In 2008, the Internet Assigned Numbers Authority (“IANA”), the nonprofit organization overseeing global IP address allocation, began the process of creating and auctioning new top-level domains. Since then, the Internet Corporation for Assigned Names and Numbers (“ICANN”), has confirmed a number of new ‘generic’ top level domains (“gTLD”), including two new “community-based gTLDs” for the financial services community, <.bank> and <.insurance>. “Community-based gTLDs” are top level domain names that are restricted to a specific community. fTLD Registry Services, LLC (“fTLD”), an organization founded and operated by a consortium of banks and insurance companies and their trade associations, was granted the right to operate <.bank>, on September 25, 2014, and <.insurance> on February 19, 2015. Continue Reading
Industry Canada has sponsored proposed amendments to the Patented Medicines (Notice of Compliance) Regulations (the “PM(NOC) Regulations”) that broadens the eligibility to list patents on the Patent Register. These amendments are a direct response to the “perfect match” doctrine recently endorsed by Canadian courts. They reaffirm Health Canada’s long-standing practice regarding patent listing. In so doing, Industry Canada is seeking to restore the balance between innovators and their generic competitors as intended by the PM(NOC) Regulations. Continue Reading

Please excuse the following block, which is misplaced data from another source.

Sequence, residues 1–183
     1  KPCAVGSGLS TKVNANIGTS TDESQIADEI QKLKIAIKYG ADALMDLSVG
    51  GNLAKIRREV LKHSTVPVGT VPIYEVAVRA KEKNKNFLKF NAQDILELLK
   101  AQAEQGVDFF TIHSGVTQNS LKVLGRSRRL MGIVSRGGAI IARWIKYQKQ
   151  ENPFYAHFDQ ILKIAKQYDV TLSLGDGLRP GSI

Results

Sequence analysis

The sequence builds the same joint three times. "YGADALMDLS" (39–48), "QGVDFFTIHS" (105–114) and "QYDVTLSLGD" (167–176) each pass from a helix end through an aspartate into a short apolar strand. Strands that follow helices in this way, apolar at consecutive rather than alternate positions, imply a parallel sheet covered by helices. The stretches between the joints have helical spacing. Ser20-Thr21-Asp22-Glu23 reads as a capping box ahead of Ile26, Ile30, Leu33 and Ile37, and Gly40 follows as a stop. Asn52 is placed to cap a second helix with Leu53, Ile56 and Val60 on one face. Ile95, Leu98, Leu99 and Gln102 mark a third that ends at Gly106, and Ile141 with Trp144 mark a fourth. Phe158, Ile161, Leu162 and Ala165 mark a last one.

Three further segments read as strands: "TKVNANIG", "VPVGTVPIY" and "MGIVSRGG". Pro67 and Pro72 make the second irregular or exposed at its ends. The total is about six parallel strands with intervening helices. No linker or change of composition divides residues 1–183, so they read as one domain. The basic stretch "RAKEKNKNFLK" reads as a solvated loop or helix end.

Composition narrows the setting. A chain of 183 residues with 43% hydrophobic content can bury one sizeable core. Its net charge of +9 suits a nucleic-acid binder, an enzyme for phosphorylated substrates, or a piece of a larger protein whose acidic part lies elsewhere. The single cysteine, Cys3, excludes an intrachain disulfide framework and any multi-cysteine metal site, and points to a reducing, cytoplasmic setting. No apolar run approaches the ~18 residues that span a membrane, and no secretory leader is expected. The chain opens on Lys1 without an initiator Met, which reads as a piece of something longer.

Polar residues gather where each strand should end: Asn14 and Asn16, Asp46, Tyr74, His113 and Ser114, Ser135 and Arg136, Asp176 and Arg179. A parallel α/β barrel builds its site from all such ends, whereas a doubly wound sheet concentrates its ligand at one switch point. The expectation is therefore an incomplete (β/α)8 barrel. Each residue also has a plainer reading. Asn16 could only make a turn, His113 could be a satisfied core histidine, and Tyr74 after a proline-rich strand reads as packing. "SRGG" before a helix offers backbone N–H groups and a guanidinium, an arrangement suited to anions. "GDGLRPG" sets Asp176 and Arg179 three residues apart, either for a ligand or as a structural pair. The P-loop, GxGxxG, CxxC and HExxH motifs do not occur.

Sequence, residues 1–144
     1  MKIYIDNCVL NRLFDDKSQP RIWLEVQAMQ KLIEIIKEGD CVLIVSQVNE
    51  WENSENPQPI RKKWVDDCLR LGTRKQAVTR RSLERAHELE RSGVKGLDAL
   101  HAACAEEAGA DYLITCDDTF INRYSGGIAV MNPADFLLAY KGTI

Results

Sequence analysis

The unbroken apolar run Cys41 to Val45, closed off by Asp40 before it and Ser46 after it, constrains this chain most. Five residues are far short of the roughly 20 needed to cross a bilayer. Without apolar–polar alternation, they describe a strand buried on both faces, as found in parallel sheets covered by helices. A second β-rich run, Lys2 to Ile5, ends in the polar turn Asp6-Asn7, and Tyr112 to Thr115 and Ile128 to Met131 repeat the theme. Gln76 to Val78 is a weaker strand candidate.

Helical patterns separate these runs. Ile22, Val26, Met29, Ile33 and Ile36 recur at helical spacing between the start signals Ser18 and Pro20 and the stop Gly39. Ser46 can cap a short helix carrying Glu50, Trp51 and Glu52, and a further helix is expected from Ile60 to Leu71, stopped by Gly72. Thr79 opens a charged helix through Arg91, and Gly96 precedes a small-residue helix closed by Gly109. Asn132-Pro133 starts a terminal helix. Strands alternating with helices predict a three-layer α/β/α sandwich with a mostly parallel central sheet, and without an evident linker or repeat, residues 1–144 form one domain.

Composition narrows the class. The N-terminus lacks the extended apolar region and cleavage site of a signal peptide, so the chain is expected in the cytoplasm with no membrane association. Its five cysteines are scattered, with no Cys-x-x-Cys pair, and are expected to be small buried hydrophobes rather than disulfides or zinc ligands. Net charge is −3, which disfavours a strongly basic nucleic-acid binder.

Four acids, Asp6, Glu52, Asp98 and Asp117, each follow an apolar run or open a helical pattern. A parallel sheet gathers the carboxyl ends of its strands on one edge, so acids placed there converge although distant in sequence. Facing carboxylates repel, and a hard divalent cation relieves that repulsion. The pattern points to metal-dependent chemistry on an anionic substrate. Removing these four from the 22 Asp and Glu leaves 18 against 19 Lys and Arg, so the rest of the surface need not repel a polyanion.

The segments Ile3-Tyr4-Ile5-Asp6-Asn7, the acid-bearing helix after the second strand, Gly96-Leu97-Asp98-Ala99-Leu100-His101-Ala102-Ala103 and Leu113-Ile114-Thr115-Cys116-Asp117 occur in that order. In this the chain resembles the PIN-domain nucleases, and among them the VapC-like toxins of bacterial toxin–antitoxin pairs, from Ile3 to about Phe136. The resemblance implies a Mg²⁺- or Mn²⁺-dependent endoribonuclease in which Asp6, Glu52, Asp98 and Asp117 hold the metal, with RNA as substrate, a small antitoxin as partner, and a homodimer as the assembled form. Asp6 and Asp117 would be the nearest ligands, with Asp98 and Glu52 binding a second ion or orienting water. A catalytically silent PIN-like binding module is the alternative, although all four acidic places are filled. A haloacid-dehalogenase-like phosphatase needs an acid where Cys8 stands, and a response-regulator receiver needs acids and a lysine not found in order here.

The Federal Court of Appeal has affirmed the stringent product specificity requirements for listing a patent against a drug for purposes of the PM(NOC) Regulations in its recent decision in ViiV Healthcare ULC et al. v. Teva Canada Limited et al., 2015 FCA 93.
In this proceeding, Teva and Apotex brought motions under the PM(NOC) Regulations arguing that a patent listed against ViiV’s KIVEXA drug was not eligible for purposes of paragraph 4(2)(a) of the Regulations. KIVEXA is a combination drug that contains two medicinal ingredients. The patent at issue explicitly claims one of these ingredients. Continue Reading
The relevance of expert evidence in establishing indirect infringement of a pharmaceutical in Canada has been questioned. It is unclear what “facts” a product monograph is to contain that will amount to “instructions” to infringe a patent or how a party is to prove that such “facts” amount to “instructions” or how those “instructions” would be understood. What is clear is that “speculation” will not suffice.